My 5-year-old daughter wants to be an astronaut. She wants to go up into space and see for herself what it's like out there. She and I sometimes go out to the backyard on chilly winter nights and reach toward the stars pulsing just beyond our fingertips. On midsummer nights, the constellations vie with fireflies for our attention, but in the cold seasons we tilt our heads skyward, entranced. Something has connected for my little girl on those evenings, with bedtime postponed and pajamas thrust in overcoats, that will lay a foundation for a lifetime of curiosity and delight in the marvels of the universe.
When I was her age, I also knew what I wanted to be when I grew up. Drawing was my preferred medium for self-expression, so one day I illustrated my future profession in crayon and Manila paper for my kindergarten teacher. I wanted to be a scientist, but there were no white lab coats and mathematical calculations in my vivid depiction of racing antelope, careening pursuit vehicles and men leaning out of helicopters with lassos and tranquilizer guns. My model and ideal type was one of my earliest heroes: Marlin Perkins.
During the first half of the 1970's, Mutual of Omaha's Wild Kingdom was a weekly ritual in our house. Television was tightly controlled in our family - Watergate, PBS and nature programming were about the only TV fare, although I can still remember watching one of the last Apollo lunar missions splash down in 1972, when I was 4 years old. Wild Kingdom, however, was an exception and a familiar part of our Sunday evening routine. It's host Marlin Perkins was a comfortable and reassuring presence, more akin to Mr. Rogers than Jacques Cousteau, my other great conservationist role model, whose exotic undersea world also held a siren's appeal. Marlin's world, not Disney world, became my fantasy.
My parents shared a love of birds, and oftentimes we would pause on family walks through the woods while Mom and Dad "bished" furtive but curious birds into closer view. At Christmas my sister and I both looked forward to finding that candy red miracle of conservation marketing that chirps when twisted, the Audubon Bird Call, in our respective stockings. The big picture window in my grandparents' kitchen affords a front row view of myriad bird-feeders, with framed field guide plates decorating the walls to aid in identification.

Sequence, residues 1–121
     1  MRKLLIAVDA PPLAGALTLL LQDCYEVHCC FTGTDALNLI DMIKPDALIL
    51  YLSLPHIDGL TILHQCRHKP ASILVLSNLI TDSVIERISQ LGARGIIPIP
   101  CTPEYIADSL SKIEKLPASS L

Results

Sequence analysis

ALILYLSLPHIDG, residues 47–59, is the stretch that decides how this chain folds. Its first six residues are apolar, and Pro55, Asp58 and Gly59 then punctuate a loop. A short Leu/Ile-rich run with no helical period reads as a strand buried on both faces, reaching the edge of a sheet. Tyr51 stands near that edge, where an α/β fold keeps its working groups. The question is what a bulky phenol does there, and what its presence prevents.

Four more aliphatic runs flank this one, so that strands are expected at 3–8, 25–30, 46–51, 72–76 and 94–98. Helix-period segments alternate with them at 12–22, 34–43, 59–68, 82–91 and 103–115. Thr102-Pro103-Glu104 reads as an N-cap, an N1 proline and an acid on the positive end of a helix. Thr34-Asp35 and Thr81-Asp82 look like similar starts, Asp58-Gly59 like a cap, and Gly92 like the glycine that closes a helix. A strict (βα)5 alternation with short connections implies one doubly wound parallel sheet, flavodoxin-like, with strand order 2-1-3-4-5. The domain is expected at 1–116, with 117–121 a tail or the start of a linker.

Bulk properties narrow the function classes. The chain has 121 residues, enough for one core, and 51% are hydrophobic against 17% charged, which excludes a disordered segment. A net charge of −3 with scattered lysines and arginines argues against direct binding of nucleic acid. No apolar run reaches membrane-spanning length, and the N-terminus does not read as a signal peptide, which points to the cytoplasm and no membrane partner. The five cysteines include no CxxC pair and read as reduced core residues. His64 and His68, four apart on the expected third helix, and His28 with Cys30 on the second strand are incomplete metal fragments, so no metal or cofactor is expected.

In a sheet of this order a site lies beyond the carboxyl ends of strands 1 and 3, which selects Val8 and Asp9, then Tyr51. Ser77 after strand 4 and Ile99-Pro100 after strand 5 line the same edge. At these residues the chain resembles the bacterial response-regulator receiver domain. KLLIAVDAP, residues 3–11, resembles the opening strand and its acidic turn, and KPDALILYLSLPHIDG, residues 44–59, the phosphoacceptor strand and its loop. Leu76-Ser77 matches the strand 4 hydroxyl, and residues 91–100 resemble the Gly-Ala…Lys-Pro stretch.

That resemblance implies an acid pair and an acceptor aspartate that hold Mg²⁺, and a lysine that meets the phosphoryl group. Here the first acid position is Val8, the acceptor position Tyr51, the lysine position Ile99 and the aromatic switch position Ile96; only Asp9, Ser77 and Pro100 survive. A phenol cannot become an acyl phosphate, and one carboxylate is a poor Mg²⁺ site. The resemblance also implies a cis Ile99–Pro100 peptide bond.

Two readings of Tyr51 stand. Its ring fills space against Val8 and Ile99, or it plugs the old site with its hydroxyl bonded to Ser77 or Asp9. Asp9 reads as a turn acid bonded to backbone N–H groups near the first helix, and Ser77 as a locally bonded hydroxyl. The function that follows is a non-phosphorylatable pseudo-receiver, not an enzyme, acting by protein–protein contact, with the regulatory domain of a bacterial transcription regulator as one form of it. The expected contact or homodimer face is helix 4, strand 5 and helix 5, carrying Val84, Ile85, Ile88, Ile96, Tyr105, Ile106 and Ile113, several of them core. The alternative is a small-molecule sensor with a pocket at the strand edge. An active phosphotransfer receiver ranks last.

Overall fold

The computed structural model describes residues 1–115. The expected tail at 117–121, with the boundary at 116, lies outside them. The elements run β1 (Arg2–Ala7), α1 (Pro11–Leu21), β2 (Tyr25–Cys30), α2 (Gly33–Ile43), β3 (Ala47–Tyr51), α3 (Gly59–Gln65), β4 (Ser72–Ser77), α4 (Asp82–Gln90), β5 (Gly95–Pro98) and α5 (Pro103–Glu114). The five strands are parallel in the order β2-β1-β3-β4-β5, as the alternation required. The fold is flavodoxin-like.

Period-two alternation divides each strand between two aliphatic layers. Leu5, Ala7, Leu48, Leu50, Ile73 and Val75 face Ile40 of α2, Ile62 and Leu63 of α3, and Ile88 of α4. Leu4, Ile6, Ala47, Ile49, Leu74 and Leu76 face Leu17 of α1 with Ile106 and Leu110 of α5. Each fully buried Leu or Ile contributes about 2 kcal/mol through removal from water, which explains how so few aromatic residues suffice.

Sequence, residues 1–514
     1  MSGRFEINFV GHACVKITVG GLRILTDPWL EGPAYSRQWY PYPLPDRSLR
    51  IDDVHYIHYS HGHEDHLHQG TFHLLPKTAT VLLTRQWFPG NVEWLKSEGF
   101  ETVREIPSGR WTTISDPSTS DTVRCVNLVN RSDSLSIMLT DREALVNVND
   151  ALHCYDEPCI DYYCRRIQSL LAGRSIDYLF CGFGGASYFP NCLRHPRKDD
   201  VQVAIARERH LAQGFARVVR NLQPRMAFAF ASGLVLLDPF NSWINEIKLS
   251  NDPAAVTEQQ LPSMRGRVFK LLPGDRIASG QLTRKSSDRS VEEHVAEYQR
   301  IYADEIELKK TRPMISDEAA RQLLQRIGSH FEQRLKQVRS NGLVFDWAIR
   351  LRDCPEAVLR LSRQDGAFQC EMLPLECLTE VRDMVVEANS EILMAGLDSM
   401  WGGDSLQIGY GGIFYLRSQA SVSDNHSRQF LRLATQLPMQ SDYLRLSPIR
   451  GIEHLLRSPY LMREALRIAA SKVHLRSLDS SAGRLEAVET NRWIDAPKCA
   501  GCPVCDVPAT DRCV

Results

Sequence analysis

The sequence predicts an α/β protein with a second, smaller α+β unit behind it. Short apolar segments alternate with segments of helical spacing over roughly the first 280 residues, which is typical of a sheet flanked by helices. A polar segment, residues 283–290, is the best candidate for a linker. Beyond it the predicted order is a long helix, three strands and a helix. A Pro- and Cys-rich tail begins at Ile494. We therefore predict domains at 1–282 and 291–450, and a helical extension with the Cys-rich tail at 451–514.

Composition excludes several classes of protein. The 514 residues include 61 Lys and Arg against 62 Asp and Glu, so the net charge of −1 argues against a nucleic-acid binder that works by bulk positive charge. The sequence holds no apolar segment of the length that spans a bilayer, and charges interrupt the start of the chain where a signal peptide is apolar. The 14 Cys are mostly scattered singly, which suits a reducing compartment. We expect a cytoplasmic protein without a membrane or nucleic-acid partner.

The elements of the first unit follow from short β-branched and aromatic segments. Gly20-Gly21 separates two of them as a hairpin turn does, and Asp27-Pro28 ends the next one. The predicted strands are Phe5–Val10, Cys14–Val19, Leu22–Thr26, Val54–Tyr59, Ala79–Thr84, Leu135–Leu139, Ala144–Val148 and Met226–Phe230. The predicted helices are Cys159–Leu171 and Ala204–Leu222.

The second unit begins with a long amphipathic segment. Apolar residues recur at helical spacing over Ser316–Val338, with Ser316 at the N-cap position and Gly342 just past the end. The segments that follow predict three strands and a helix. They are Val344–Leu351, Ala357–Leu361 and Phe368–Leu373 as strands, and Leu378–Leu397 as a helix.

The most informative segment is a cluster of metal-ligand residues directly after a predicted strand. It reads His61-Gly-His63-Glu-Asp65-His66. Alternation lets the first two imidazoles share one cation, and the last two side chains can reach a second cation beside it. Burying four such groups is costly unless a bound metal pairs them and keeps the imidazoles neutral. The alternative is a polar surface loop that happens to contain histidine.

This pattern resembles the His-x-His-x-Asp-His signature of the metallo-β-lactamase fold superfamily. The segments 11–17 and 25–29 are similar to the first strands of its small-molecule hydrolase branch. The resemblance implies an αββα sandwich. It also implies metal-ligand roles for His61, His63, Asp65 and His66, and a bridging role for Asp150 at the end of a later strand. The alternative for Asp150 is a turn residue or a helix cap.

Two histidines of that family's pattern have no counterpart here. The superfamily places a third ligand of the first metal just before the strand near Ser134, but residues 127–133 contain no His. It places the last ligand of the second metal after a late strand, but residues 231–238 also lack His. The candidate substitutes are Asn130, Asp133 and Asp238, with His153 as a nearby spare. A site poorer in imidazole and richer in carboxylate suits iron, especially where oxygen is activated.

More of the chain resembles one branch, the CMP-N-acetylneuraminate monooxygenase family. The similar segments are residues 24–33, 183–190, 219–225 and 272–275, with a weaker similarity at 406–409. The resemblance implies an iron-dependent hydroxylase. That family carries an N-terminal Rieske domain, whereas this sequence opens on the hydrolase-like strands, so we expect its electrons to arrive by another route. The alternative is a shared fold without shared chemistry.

We were not big campers in my family, although before getting married my parents had individually enjoyed the back country of the Tetons and the Whites: Our family vacationed at my grandparents' marvelous old house on Buzzard's Bay in Wareham, MA, and at my Great-grandparents' cottages on Monhegan Island, ME. I preferred to swim underwater more than across the surface and for many happy summers spent hours with mask and snorkel before getting my diving license at 12. Wareham especially has been the constant landscape in my life, the place where my roots are deepest, that I know best of all and to which I return. A powerful sense of place, its seasons and its changes both subtle and profound unfolding over time, informs my approach to community and landscape. It was my childhood wilderness, with worlds to discover beneath a log or in the shifting moods of the sea.
Yet this grounded connection to place is not a limiting or insular geography. I am fiercely protective of my "home" place, but understanding what is around me provides an outward focus. My first moments in Africa played out in darkness, the smell of wet grass wafting across the tarmac under strange and wild stars. I taught myself the southern constellations, learned hundreds of birds and the sounds of the veld in the gathering dusk, and the smell of rain in the wind.
Natural History museums also played their part, along with Mass Audubon's Drumlin Farm. It probably helped the development of my conservation consciousness that I grew up beside an accredited zoo. The Trevor Zoo at Millbrook school was 4 acres of enchantment. There were koatis and tamarins in my formative years, along with family pets. One memorable afternoon, I watched our rangy calico cat staring down an enormous stork in our front yard that had wandered up the hill from the Zoo.
Environmental education is the holy grail of the conservation movement. There have been a few, notable successes in changing our collective behavior - recycling in a number of "blue" states comes to mind - but the values that we act on as adults are formed first and foremost at home. The arrival of Ranger Rick was a welcome occasion in our household and it was my parents who made that possible. Our schools have vital roles to play in exposing our children to new ideas and fresh ways of looking at their world, but the behavior we model has the greatest impact. My daughter and son may discover their own Marlin Perkins, a merry Pied Piper to inform and inspire, but they are exploring universes on their own in the back yard.